Mental health has many links to overall health, yet rarely do we hear about the link between mental health and nutrition. Why is that?
Stress and emotions often contribute to our eating behaviours. Real or perceived expectations regarding body image or the influence of diet culture can impact our mental health. Eating disorders affect roughly 9% of the population worldwide, many undiagnosed or untreated. Poor physical health, whether it be a digestive condition or a chronic illness leads back to stress, depression and/or anxiety – and the cycle continues. The interconnectedness of nutrition and mental health is undeniable.
But what do we understand about this relationship? What strategies combine improving nutrition and improving mental health?
Food is more than fuel
It is true that the foods we eat contain the molecules needed to make hormones that regulate our emotions. But beyond nutrients, food is an integral part of the connection with family, friends, community, and culture. Studies from the Blue Zones have integrated findings of diet to culture in a holistic picture of overall health and longevity.
Speaking of culture, our digestive tract and the bacteria that reside there are now being referred to as your “second brain”, with biological mechanisms and relationships being uncovered rapidly in recent research.
Food is also a commodity, and we are inundated daily with marketing and media telling us what to eat, and making convenience culture a barrier to healthy eating. And if you have been to the grocery store lately, you know that fresh produce is not cheap. I bought two tomatoes last week for $4.50! Food can also stress the wallet!
And perhaps most important, our relationship to food is often underappreciated, yet often a good predictor of health outcomes. For example, the ‘Intuitive Eating Approach’ helps individuals forge a healthy relationship to food. ‘Mindful Eating’ is a related yet distinct strategy to help get back in touch with internal hunger cues. It has also been integrated into weight loss strategies effectively in research.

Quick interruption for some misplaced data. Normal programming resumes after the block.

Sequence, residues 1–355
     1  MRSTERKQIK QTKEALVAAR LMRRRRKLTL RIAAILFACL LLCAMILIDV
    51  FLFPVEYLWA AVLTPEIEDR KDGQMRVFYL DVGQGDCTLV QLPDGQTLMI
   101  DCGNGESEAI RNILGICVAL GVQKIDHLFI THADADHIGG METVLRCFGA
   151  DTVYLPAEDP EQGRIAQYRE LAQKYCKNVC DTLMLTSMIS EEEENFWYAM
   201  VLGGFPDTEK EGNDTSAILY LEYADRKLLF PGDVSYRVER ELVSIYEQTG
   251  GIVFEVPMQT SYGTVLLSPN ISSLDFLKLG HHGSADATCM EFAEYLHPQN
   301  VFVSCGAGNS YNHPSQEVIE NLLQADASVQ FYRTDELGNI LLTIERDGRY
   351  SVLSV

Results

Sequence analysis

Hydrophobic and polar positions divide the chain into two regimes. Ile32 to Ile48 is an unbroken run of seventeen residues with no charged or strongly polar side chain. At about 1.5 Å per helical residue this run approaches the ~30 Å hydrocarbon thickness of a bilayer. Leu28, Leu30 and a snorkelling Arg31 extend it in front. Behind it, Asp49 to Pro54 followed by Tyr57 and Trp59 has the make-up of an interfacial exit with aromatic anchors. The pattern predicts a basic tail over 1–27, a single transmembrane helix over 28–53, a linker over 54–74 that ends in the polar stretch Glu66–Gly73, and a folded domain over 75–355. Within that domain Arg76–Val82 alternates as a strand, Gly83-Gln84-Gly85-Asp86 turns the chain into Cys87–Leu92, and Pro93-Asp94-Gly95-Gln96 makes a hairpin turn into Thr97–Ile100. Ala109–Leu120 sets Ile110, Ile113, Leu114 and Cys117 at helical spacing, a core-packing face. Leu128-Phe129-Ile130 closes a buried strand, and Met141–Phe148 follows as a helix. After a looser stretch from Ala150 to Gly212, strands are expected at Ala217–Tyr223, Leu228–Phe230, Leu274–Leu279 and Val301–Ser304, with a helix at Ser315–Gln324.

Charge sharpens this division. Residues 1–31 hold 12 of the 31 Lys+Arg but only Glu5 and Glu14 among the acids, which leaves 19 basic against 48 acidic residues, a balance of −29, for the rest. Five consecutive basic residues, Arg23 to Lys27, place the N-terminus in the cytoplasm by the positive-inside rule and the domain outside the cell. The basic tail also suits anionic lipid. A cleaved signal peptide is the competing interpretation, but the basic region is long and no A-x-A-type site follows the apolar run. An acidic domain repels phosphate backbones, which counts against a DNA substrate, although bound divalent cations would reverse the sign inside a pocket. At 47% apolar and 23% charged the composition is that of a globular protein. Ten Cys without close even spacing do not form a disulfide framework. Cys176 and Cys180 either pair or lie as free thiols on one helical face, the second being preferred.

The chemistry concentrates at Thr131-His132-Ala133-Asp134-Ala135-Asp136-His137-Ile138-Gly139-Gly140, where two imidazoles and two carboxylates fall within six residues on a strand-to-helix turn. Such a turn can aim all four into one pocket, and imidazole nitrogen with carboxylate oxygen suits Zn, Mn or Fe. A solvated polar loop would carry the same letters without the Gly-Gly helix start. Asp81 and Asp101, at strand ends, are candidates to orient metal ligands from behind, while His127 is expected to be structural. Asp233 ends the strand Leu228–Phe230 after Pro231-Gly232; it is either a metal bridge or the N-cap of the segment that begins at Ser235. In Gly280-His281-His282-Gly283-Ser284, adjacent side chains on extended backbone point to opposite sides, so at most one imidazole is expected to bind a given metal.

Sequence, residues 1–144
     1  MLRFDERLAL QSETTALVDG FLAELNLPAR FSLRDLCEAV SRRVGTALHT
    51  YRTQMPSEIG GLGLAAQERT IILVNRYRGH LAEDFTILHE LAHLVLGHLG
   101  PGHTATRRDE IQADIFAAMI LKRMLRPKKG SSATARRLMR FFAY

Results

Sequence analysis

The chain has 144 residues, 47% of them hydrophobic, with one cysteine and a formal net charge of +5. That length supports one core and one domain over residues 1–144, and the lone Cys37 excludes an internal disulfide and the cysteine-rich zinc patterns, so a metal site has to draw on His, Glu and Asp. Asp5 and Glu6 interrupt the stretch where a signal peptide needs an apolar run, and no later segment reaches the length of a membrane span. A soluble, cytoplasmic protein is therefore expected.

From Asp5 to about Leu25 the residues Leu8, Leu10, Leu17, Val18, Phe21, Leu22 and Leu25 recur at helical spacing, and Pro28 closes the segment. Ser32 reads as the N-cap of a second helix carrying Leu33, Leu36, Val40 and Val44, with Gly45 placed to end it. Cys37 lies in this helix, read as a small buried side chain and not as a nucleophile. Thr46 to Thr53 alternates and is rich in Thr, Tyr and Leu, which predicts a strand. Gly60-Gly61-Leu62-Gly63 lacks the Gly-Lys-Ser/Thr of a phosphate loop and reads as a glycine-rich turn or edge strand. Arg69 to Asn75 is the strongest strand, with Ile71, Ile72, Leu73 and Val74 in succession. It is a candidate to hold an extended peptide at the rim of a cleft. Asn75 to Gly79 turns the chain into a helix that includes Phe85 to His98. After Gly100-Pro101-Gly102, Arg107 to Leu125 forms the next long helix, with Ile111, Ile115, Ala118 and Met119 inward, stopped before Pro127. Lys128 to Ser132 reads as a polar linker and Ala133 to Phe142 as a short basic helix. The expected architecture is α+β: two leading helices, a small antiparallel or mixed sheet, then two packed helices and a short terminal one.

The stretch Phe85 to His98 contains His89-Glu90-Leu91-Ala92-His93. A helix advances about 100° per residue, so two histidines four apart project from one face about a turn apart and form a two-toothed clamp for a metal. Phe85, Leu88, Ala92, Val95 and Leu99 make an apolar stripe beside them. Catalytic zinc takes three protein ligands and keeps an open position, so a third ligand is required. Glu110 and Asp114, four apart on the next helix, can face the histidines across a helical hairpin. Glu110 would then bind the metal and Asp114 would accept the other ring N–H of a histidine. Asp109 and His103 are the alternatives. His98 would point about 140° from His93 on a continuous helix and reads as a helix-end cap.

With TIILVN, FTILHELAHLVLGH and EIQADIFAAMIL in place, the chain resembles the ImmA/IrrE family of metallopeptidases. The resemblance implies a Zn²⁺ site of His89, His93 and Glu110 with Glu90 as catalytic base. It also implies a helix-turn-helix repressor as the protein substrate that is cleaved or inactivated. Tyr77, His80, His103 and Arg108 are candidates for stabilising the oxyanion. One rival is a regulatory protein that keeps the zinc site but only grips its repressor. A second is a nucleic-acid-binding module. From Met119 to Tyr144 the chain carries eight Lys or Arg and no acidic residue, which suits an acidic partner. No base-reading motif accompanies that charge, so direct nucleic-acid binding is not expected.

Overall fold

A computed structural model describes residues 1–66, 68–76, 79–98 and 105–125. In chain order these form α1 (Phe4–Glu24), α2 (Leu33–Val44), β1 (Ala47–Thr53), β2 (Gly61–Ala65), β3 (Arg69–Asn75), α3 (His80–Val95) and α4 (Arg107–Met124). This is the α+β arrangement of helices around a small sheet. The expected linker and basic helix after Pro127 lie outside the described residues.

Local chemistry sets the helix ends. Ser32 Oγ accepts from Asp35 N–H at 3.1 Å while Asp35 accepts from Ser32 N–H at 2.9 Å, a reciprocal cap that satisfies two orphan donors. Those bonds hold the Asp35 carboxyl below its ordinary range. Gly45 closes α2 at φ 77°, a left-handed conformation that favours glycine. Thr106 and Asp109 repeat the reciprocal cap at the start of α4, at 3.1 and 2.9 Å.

The latter two approaches will be explored in a future newsletter or we can discuss them together in an appointment. Below we cover specific relationships between diet and mental health, highlighting some specific nutrients and strategies.
Diet and mental health
From a whole diet approach, systematic research reviews have assessed the use of dietary intervention on mental health, particularly clinical and subclinical depression and anxiety. While there is some debate over what constitutes a healthy diet in research and related scientific methods, studies do show that high intakes of vegetables, fruit, fish and whole grains may be associated with reduced depression risk. Conversely, dietary patterns high in processed foods and sugary products may increase the risk of depression.
There are also several nutrients specifically linked to mental health through research: Protein, fibre, B-vitamins, omega-3 fats, and vitamin D to name a few.
For example, protein is composed of amino acids such as Tryptophan, the building block for the mood-regulating hormone serotonin. A randomized crossover study assessed the effect of a high tryptophan diet on anxiety, depression, and mood. Compared to the low tryptophan diet, the high tryptophan diet led to statistically significant increases in mood and decreased anxiety and depression.
Omega-3 fats, particularly docosahexaenoic acid (DHA) and eicosapentaenoic acid (EPA) have clinically demonstrated benefits on depression symptoms, and have been shown to reduce anxiety symptoms. More research is needed to determine dose, efficacy in specific conditions.